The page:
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Re: [scoutradio] HOAX HOAX HOAX

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  • RStone1221@aol.com
    ok i feel better now.
    Message 1 of 4 , Dec 23, 2001
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      ok i feel better now.
    • asabatpct
      ... A hoax is a false alarm. This is worse than a hoax. This is actually a do-it-yourself virus! There s a rather clever DIY virus that reads something like,
      Message 2 of 4 , Dec 23, 2001
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        > Apparently we are the victims of a hoax.

        A hoax is a false alarm. This is worse than a hoax. This is actually
        a do-it-yourself virus!

        There's a rather clever DIY virus that reads something like, "I'm a
        do it yourself virus. Please format your own hard drive now!" At
        least it's obvious that one is just a joke.

        I would encourage everyone to research any "virus warnings" they
        receive by email. Go to any established antivirus software company's
        website (such as www.antivirus.com) and look up the warning. There
        are many hoaxes and DIY viruses out there. Some of these even claim
        that "McAfee says it's real bad and there's no cure," but the person
        forwarding it didn't bother going to McAfee's website which would
        have revealed McAfee already knows it's a hoax.

        Bill AA6J
        www.qsl.net/aa6j/radiomb
      • Mike Berryhill
        Hello Everyone, Interesting timing. I also just received some good references for determining if something is a hoax. I have pasted it below... One thing I
        Message 3 of 4 , Dec 23, 2001
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          Hello Everyone,

          Interesting timing. I also just received some
          good references for determining if something
          is a hoax. I have pasted it below...

          One thing I always like to advocate...
          "Practice Safe Hex!"

          73,
          Mike, KE6UZL


          >From ON Magazine, January 2002
          >http://www.onmagazine.com/on-mag/
          >
          >
          >Too Good To Be True
          >
          >Do Not Forward This E-Mail If...
          >
          >1. It relates something that happened not to a friend,
          >but to a friend of a friend.
          >
          >2. It urges you to forward it to your entire address
          >book.
          >
          >3. It claims to be "TOP SECRET!!" or something equally
          >hyperbolic.
          >
          >4. It insists, "This is not a hoax." It doth protest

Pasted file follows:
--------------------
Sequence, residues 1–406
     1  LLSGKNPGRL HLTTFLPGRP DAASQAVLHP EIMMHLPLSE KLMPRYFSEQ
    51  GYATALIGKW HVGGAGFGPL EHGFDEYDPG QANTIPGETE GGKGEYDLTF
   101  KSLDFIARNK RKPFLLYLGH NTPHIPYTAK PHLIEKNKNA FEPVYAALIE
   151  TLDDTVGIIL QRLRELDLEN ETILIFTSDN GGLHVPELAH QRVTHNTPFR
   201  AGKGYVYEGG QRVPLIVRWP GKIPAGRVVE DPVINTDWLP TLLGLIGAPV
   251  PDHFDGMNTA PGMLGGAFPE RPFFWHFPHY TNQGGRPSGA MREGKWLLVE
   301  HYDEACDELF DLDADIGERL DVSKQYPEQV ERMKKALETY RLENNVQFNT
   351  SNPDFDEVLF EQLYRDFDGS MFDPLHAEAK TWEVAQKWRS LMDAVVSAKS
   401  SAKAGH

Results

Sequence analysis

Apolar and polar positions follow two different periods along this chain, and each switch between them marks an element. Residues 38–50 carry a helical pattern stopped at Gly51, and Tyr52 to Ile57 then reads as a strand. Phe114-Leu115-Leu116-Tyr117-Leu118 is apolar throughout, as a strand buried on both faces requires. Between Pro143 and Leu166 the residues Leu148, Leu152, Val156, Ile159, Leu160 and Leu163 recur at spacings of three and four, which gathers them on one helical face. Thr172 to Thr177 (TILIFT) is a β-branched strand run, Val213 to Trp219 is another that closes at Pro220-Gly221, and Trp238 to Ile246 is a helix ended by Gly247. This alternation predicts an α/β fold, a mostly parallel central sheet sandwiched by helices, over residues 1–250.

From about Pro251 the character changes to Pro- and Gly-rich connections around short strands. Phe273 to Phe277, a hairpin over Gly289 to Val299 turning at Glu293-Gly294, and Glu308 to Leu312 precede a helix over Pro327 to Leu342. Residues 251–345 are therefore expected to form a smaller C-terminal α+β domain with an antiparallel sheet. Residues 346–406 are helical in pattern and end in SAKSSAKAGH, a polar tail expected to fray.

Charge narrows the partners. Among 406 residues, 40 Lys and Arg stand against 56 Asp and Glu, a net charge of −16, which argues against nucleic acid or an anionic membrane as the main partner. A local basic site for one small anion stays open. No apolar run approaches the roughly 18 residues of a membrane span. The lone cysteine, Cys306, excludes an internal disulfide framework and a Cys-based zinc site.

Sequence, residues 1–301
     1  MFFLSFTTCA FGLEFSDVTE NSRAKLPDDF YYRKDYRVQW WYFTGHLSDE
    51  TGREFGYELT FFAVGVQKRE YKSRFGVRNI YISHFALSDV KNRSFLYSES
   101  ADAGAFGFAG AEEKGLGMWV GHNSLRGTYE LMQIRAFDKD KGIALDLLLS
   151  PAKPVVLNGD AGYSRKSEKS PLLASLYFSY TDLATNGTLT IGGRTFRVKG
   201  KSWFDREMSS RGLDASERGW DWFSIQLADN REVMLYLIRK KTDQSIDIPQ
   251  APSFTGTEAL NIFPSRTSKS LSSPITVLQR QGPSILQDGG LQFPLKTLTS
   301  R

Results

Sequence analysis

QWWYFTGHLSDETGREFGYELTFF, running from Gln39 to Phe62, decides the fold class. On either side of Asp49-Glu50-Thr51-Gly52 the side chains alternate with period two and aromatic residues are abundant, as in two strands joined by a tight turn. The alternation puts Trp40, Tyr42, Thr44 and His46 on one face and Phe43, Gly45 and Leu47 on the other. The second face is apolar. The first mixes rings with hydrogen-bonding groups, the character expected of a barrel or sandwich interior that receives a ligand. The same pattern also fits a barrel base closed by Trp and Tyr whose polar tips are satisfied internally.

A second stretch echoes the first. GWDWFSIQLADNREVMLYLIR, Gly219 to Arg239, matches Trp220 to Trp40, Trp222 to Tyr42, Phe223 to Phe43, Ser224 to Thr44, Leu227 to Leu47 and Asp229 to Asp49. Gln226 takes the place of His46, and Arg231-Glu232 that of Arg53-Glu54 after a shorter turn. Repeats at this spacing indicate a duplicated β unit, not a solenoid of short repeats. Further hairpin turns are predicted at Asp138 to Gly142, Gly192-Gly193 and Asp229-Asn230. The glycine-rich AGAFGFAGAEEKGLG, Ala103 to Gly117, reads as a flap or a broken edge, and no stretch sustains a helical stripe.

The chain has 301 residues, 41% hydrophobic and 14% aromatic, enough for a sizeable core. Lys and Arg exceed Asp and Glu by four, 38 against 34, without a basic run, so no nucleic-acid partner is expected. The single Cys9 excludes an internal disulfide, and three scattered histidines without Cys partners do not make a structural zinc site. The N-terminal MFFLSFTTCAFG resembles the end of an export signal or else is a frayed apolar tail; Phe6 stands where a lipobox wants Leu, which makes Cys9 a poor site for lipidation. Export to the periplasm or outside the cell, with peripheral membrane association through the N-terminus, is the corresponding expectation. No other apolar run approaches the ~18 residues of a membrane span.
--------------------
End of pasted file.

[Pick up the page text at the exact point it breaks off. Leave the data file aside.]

>too much.
          >
          >5. There is no way to verify its claims or to contact
          >the original sender.
          >
          >6. It is chock-full of generalities and vague
          >phrasing.
          >
          >7. It promises easy money. Would a stranger offer
          >something for nothing?
          >
          >8. It threatens bad things if you do not forward it.
          >
          >9. It claims it is providing information being
          >withheld by the press, the government, the health
          >establishment and so on.
          >
          >10. It sounds too weird--or too good--to be true.
          >
          >How to Get the Skinny on Just About Anything
          >
          >The Committee for the Scientific Investigation of
          >Claims of the Paranormal looks at all sorts of hoaxes.
          >
          >http://hoaxbusters.ciac.org
          >From the Department of Energy, this site is especially
          >good at exposing chain letters and fake giveaways.
          >
          >http://quackwatch.com
          >The best site for exposing health-related scams.
          >
          >http://snopes.com
          >Uncannily accurate, and written with wit and style,
          >this is the most reliable source for getting the
          >scoop.
          >
          >http://truthorfiction.com
          >Strong on verifying inspiring tales and pleas for
          >help.
          >
          >http://urbanlegends.about.com
          >This comprehensive site details six variants of the
          >Klingerman virus--and offers chat.
          >
          >http://urbanlegends.com
          >The archives of the alt.folklore.urban newsgroup.
          >
          >http://vmyths.com
          >Where to learn about computer viruses, real or fake.
          >
          >Also check out mcafee.com and symantec.com, which sell
          >antivirus products.
          >


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